Downside Case – To be even more draconian, we can take the £213mm pension settlement for B&S (brings to fully funded) and then assume the regulator requires Coats to be more than 100% funded (200%), resulting in £216mm infusion. This brings the total settlement to £444mm (including £15mm of GPG overhead cost). In regard to Coats, lets assume it trades down to 5x EBITDA (multiple associated with businesses in secular decline). This brings the valuation to £20.63 or downside of 12%.

This translates to roughly a 5:1 risk/reward assuming equal probabilities of upside/downside scenarios.

Upside Case – Coats has been rumored to be a private equity takeout target following the settlement of the pension schemes and its UK listing. Coats’ closest competitor, American & Efird (A&E), was purchased for around 7.5x EBITDA in 2011 despite being 1/5th the size of Coats, similar pension issues and lower EBITDA margins. Using our SoTP pension settlement GPG net cash distribution constant and applying the A&E multiple to Coats (Coats should trade at a premium to A&E in my view), we get a £52 valuation or 120% upside. 

Summary Valuation – Excluding the M&A scenario, GPG is approximately a 5:1 risk/reward on a non-probability adjusted upside/downside scenario.

Two Key Considerations:

Timeline: Timing uncertainty is the biggest risk here in my view. GPG is in active negotiations with the UK regulatory and the plan trustees, but there is a risk that no settlement is reached and either or both B&S/Coats go to a determination panel [DP] (i.e. courts). If either plan goes to the DP, then the earliest we could hear about a Financial Support Direction (FSD) would be 1H16. However, if an FSD is issued, GPG can contest it and the matter could be pushed to the Upper Tribunal, which would approach the situation with a clean slate, but obviously push out the timeline and increase costs to GPG (reducing value).

As of GPG’s last public communication, here is where we stand:

Brunel & Staveley – Regulator rejected the “informal” £124mm reserve that the B&S trustees had previously agreed to. In response to this news, GPG has now proposed £170mm for B&S and awaits a response (we assume £213mm clearing level). The earliest we can hear back on B&S is 1H15 assuming settlement is reached, but could be pushed out 1-2 years if the battle goes to the Upper Tribunal.   

Coats – Coats could be the wildcard in terms of timing, but I expect the actual settlement clearing price to be lower than B&S given that Coats is an on-going concern and making well-sized annual contributions (£20mm+). I believe that the Warning Notice Coats received is part strategy/part learning more. I don’t expect the full UK plan to have to be funded (we model full UK funding) b/c in speaking with GPG management, it sounds like the regulator only has beef with 1 of the 4 plans. GPG doesn’t break out the size of the different UK plans that make of the £108mm deficit, but it provides optionality that it is less than 100%. 

Contribution Structure: In our model, we assume 100% cash funding into the account, but the structure proposed by GPG is effectively 50% cash and 50% reserve account (that can be lifted if rates increase and/or pension plan returns exceed forecasts). Anything less than 100% in non-refundable cash, would be incremental value to GPG.

Additional Fundamental Information:

Coats Business Overview: Coats PLC is a world-leading industrial thread and consumer textile crafts business that has been in existence since the 1750s. One-fifth of garments worldwide are held together using a Coats thread. For example, every year, a Coats thread is used in the making of 75mm airbags and 300mm shoes. Also, Coats PLC produces annually enough yarn to knit 65mm scarves. 1mm teabags using coats thread are brewed every 10 minutes. Coats PLC is the second largest and fastest growing zip manufacturer worldwide. Finally, Coats operates in two segments – Industrial and Craft – both of which are currently operating at or near trough margins. Even on trough margins, Coats generates a more than acceptable level of returns on invested capital of 15% with a business scale, operating history and a clientele that is difficult for new entrants to match.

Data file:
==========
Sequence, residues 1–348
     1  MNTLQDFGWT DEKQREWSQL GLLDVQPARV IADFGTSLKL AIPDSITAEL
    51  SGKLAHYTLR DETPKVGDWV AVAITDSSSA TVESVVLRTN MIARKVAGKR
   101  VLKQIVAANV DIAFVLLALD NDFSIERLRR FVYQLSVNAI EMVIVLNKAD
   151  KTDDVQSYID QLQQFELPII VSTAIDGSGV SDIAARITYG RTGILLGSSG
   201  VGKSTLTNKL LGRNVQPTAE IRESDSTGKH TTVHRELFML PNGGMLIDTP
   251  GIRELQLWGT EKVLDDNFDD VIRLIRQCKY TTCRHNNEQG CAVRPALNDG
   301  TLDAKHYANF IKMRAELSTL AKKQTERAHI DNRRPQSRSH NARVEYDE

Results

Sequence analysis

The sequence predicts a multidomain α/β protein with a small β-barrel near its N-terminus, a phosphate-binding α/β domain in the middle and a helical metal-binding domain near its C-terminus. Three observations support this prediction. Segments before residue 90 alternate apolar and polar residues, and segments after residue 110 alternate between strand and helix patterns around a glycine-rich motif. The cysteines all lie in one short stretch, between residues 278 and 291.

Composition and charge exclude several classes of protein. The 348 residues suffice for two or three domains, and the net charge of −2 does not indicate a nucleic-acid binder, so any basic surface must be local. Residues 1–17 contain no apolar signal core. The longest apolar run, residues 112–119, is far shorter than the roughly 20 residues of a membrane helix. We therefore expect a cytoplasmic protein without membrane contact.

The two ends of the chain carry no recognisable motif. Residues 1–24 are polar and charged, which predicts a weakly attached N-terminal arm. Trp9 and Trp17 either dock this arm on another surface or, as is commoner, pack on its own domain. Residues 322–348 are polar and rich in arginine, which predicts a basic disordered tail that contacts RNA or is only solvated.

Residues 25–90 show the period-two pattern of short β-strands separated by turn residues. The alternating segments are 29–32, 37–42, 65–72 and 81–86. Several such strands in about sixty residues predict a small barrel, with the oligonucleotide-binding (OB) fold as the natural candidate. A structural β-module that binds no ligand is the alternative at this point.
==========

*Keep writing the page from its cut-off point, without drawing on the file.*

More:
Catalysts – GPG is misunderstood by the market for a number of factors and I expect these factors to play out over the next 1-2 years.

·       UK Pension Scheme Resolution

·       GPG Cash Distribution

·       Coats Plc Listing

·       Coats Index Inclusion (FTSE 250)

·       Coats dividend announcement

·       Rising Rates (currently at low historical levels)

·       Rebound in Industrial and Craft margins to mid-cycle levels.

Key Players

·       GPG Board – In 2010, GPG board member Robert Campbell was promoted to Chair the liquidation of GPG following Soros’ ouster of Richard Brierley and his plan to split the company up. Robert has liquidated over 50+ investments over the course of 3 years achieving sufficient value for shareholder. In speaking with him, he welcomes the end of this process and that he will be moving onto the next restructuring.

·       Coats Management – Paul Forman (CEO) took the helm of Coats following the Soros shakeup and has done a great job restructuring the business in terms of reducing operating costs and pushing into specialty threads (30% market share). Coats management is incentivized on the success of the Coats IPO based on the below target levels achieved.

 Major Shareholders

o   Soros Management – 9.5%

o   JPMorgan – 9.5%

o   Blackrock – 8.3%

o   AMP Capital – 6.0%

o   MSD Capital  – 5.7%

o   Southeastern Asset Mgt –5.6%


·       Industrial Thread business tied to GDP Growth

·       Craft business tied more to the retail fashion trends

·       Inability to lower tax rate (50% in 2013)/use NOLs

·       GPG decides to fight UK pension regulator in courts and dragging out the process

Pension Deficit Sensitivity: GPP estimates that an 80bps, 230bps and 160bps increase in real discount rates would eliminate Coats, Brunel and Staveley pensions.

Peers P/E Multiple (Coats): Even though there is no clear comp to Coats, UK peers trade close to 12-13x on a P/E basis.


I do not hold a position with the issuer such as employment, directorship, or consultancy.
I and/or others I advise hold a material investment in the issuer's securities.


UK Pension Scheme Resolution

·       GPG Cash Distribution

·       Coats Plc Listing

·       Coats Index Inclusion (FTSE 250)

·       Coats dividend announcement

·       Rising Rates (currently at low historical levels)

·       Rebound in Industrial and Craft margins to mid-cycle levels.